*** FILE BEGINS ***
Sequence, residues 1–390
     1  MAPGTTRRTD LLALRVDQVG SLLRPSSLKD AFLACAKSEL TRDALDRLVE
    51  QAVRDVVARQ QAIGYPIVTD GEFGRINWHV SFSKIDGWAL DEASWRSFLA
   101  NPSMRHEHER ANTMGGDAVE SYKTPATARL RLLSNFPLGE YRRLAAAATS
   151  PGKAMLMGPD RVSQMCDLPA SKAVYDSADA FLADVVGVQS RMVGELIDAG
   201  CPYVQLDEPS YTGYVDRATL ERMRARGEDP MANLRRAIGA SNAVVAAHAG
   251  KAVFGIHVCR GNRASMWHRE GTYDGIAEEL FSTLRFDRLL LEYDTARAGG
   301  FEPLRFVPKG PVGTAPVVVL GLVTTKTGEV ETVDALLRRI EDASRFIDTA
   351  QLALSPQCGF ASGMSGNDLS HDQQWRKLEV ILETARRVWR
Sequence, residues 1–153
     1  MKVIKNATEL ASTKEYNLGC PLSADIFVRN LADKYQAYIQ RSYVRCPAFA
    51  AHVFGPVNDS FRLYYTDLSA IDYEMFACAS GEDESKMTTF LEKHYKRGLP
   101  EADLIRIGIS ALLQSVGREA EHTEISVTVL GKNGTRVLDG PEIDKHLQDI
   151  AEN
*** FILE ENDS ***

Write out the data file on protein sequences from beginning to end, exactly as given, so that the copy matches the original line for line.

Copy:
Sequence, residues 1–390
     1  MAPGTTRRTD LLALRVDQVG SLLRPSSLKD AFLACAKSEL TRDALDRLVE
    51  QAVRDVVARQ QAIGYPIVTD GEFGRINWHV SFSKIDGWAL DEASWRSFLA
   101  NPSMRHEHER ANTMGGDAVE SYKTPATARL RLLSNFPLGE YRRLAAAATS
   151  PGKAMLMGPD RVSQMCDLPA SKAVYDSADA FLADVVGVQS RMVGELIDAG
   201  CPYVQLDEPS YTGYVDRATL ERMRARGEDP MANLRRAIGA SNAVVAAHAG
   251  KAVFGIHVCR GNRASMWHRE GTYDGIAEEL FSTLRFDRLL LEYDTARAGG
   301  FEPLRFVPKG PVGTAPVVVL GLVTTKTGEV ETVDALLRRI EDASRFIDTA
   351  QLALSPQCGF ASGMSGNDLS HDQQWRKLEV ILETARRVWR
Sequence, residues 1–153
     1  MKVIKNATEL ASTKEYNLGC PLSADIFVRN LADKYQAYIQ RSYVRCPAFA
    51  AHVFGPVNDS FRLYYTDLSA IDYEMFACAS GEDESKMTTF LEKHYKRGLP
   101  EADLIRIGIS ALLQSVGREA EHTEISVTVL GKNGTRVLDG PEIDKHLQDI
   151  AEN